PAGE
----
The symbol of the breast is well known throughout society. Breasts symbolize sexuality, motherhood, femininity, and more. But what do breasts mean to women who lose them? In this episode, we explore the history of the surgical procedure of breast removal, the mastectomy, in the context of breast cancer. After discussing how this procedure came about, we discuss the difficult decisions that women face after this breast removal surgery. Considering all the societal pressures on what it means to have breasts, post-mastectomy patients are left with a big question: to reconstruct or to not reconstruct?? Join us in this episode as we explore some history, talk about modern mastectomies, and look at the emotional decisions women go through to reclaim their power over their post-mastectomy bodies.
- What do you think of the history of the procedure and what it is like today? Do you think they considered the wants and needs of the woman during the development of this procedure or in the procedure today?
- Based on the different reactions women have after mastectomy on how they view their feminity, how do you view femininity? Is it internalized misogyny to want reconstruction or is it reclaiming your power? What about choosing to not reconstruct? What does this tell us about the interaction between societal views of feminity and personal views?
- If you were faced with a patient who was considering a mastectomy and was worried about choosing reconstruction or not, how would you advise them?
Listen to the episode, discuss these questions with friends and family, let us know what you think!
Today’s topic is the History of the Mastectomy! This is our first episode under the topic of medical procedures specific to women. However, it can be performed on men as well. We chose to talk about the mastectomy because it is pretty well known as a female procedure and has a profound impact on the patients who receive it. And if you do not already know, a mastectomy is a surgical procedure that removes the breast tissue from the body, usually due to breast cancer.
Our story begins in the history of breast cancer and the development of the mastectomy.
- Ancient History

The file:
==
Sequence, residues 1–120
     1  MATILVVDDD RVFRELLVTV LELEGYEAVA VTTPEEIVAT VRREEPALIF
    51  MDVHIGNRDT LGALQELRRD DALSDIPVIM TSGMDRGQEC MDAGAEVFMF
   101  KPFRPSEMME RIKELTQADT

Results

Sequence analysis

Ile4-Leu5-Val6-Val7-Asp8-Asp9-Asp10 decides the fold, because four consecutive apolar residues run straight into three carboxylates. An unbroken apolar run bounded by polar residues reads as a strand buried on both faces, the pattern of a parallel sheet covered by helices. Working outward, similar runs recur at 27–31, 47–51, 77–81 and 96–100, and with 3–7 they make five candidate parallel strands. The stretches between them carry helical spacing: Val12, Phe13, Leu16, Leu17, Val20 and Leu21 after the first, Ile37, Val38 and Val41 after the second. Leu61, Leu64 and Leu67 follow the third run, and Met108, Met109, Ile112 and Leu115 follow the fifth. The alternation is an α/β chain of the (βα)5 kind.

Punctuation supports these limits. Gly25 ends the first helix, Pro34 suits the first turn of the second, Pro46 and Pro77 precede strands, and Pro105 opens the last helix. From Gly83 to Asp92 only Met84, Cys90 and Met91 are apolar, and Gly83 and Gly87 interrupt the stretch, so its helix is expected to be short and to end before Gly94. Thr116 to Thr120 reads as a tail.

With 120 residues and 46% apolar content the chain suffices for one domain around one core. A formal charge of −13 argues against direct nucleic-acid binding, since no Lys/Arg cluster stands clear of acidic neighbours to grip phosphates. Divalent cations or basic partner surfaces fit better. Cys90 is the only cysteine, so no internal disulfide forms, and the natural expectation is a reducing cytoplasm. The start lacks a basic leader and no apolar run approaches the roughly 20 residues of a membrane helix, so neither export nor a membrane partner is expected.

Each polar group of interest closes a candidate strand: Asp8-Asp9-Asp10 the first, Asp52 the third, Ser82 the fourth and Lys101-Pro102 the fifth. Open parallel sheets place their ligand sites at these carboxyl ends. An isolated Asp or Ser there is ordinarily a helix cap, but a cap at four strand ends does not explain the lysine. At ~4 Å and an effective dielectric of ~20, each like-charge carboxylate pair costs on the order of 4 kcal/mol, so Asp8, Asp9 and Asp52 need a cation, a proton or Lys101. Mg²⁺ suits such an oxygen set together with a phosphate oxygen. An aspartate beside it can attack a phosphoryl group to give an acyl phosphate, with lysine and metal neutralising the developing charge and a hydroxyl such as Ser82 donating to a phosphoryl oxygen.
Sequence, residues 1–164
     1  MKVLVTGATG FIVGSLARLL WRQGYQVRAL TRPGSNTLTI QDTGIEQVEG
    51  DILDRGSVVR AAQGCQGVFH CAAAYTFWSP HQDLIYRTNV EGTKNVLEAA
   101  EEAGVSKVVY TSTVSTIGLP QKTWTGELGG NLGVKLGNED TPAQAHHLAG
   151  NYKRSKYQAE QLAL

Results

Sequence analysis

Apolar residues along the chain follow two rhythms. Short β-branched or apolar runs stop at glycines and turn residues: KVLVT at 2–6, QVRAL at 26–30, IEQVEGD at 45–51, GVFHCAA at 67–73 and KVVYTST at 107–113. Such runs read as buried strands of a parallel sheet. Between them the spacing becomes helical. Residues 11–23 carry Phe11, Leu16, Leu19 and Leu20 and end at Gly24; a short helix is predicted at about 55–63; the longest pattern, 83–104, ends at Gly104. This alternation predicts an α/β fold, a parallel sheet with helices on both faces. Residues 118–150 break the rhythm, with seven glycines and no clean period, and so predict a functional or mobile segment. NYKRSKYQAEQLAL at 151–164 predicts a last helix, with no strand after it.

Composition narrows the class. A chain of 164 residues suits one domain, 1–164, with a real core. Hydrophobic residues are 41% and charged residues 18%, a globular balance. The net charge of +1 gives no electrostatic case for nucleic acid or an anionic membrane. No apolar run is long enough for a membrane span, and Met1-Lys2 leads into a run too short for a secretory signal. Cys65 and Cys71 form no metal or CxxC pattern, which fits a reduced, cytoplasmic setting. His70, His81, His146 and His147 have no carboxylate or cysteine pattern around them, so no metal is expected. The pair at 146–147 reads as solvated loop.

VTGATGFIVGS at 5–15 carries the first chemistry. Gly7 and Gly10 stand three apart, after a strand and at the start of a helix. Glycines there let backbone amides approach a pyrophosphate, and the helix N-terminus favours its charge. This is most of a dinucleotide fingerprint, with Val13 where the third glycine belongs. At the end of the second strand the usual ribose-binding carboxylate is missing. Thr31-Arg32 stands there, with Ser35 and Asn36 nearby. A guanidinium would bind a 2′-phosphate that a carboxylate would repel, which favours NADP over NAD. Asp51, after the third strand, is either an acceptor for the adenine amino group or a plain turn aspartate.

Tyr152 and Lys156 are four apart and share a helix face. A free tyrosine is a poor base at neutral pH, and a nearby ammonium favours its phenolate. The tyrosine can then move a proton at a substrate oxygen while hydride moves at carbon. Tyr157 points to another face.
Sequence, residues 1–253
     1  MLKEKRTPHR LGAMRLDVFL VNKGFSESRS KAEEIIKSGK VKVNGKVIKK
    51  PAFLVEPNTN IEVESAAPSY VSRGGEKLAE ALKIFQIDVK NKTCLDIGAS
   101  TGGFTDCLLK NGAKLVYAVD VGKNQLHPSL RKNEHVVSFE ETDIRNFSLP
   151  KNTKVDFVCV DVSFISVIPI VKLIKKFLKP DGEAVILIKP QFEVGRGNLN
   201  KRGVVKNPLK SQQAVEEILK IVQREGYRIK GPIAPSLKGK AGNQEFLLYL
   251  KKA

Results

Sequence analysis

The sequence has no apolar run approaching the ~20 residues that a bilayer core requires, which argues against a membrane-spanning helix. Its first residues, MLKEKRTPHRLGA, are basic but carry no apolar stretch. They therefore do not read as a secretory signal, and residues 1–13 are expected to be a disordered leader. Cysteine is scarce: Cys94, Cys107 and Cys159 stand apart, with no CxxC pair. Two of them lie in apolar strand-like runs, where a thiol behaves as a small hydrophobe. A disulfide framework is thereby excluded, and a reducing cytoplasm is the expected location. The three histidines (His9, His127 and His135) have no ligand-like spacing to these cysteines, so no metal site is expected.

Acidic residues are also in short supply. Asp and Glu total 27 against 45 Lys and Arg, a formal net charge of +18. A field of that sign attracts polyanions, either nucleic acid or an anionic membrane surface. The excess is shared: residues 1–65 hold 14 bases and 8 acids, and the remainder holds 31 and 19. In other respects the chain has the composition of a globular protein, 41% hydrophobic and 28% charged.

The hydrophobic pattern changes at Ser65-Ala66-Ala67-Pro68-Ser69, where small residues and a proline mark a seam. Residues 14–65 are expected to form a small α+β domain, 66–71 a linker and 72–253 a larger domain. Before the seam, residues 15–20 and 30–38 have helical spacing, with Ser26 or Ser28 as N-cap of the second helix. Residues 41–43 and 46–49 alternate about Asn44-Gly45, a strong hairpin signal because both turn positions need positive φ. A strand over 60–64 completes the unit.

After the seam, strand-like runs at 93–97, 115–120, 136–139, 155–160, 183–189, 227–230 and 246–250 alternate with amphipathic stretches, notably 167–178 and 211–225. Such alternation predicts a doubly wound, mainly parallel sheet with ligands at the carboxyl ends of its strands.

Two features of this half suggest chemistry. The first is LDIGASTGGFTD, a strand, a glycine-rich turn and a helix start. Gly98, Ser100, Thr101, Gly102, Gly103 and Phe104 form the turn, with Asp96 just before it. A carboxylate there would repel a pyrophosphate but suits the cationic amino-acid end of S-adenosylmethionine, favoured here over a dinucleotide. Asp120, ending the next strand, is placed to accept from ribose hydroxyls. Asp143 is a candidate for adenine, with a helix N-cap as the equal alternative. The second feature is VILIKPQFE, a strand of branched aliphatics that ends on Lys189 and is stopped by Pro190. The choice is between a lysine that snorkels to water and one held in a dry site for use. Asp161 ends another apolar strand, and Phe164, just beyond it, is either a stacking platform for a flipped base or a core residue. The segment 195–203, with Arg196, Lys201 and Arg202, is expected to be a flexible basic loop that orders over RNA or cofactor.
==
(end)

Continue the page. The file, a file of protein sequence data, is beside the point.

- In Egypt, there was mention in the Edwin Smith papyrus of multiple cases of the breast.
- In Greece, the sick brought offerings to Asclepius in hopes of a cure. Hippocrates also theorized breast cancer was due to an imbalance in the 4 humours.
- Ancient Greeks named the disease ‘cancer.’
- First couple mentions of removal and cauterization of tumors as a major form of treatment.
- Advancements in the surgery take place.
- German physician designed a device to allow more effect surgeries of total breast removal to take place
- A better understanding of the structure of the breast and axilla (armpit) helped doctors understand the severity of the disease.
- Surgery involving removal of the entire chest was developed, though relatively uncommon.
- Dr. Halsted published a paper detailing a safe and effective way to do a radical mastectomy called, “Halsed radical mastectomy.”
But what about the state of the surgery today?
- Patients receive mastectomies when they are at high risk for breast cancer or when they have breast cancer.
- A variety of procedures can take placed now based on what is best for the patient and can be combined with radiation or chemotherapy.
- During surgery, the breast tissue and lymph are always removed.
After women go through the mastectomy, they are left without breasts. But this doesn’t mean it is the end, they have some decisions to make.
- Women are faced with the choice of how they want to control their lives and view their bodies.
- This decision can be difficult due to the social symbolism of the breast. The breast represents sexuality, motherhood, feminity and more.
- Women’s decisions come down to two things:
- Reconstructive surgery.
- Choosing to be flat.
- Both decisions are completely up to the woman and there is no right or wrong decision. The women’s choice is her way of reclaiming her power over her body.
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Navigating the Aftermath of Flat Denial ” Not Putting on a Shirt. (2020, August 06). Retrieved from https://notputtingonashirt.org/aftermath/
Pillai, M. S. (2017, February 19). The woman who cut off her breasts. Retrieved from https://www.thehindu.com/society/history-and-culture/the-woman-who-cut-off-her-breasts/article17324549.ece
Stavrou, D., MD, Weissman, O., MD, & Polyniki, A., MD. (2009). Quality of Life After Breast Cancer Surgery With or Without Reconstruction. EPlasty. Retrieved from https://www.ncbi.nlm.nih.gov/pmc/articles/PMC2691644/.
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